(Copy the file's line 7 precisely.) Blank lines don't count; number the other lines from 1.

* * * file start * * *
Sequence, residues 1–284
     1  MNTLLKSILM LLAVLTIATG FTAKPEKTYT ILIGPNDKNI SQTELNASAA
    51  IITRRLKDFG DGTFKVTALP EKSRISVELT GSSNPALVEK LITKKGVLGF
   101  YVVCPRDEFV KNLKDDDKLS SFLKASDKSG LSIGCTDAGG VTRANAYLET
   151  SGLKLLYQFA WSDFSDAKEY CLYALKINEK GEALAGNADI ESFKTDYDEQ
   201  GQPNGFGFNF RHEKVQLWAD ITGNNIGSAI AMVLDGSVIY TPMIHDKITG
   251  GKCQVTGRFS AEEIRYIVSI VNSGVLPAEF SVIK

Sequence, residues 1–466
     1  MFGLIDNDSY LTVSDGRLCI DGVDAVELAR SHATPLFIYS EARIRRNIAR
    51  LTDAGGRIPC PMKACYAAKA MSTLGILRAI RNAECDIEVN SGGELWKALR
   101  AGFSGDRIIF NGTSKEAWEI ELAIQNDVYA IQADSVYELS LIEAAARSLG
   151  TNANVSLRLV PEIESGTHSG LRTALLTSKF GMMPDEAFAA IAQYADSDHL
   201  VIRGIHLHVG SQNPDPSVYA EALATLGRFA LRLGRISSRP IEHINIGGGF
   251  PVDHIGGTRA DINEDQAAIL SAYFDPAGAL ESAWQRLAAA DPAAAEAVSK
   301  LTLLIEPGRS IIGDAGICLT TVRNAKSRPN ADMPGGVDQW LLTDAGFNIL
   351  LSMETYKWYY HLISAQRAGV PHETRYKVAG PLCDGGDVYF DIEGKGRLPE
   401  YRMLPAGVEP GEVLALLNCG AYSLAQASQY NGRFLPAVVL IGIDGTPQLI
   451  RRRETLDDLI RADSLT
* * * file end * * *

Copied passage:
   251  GKCQVTGRFS AEEIRYIVSI VNSGVLPAEF SVIK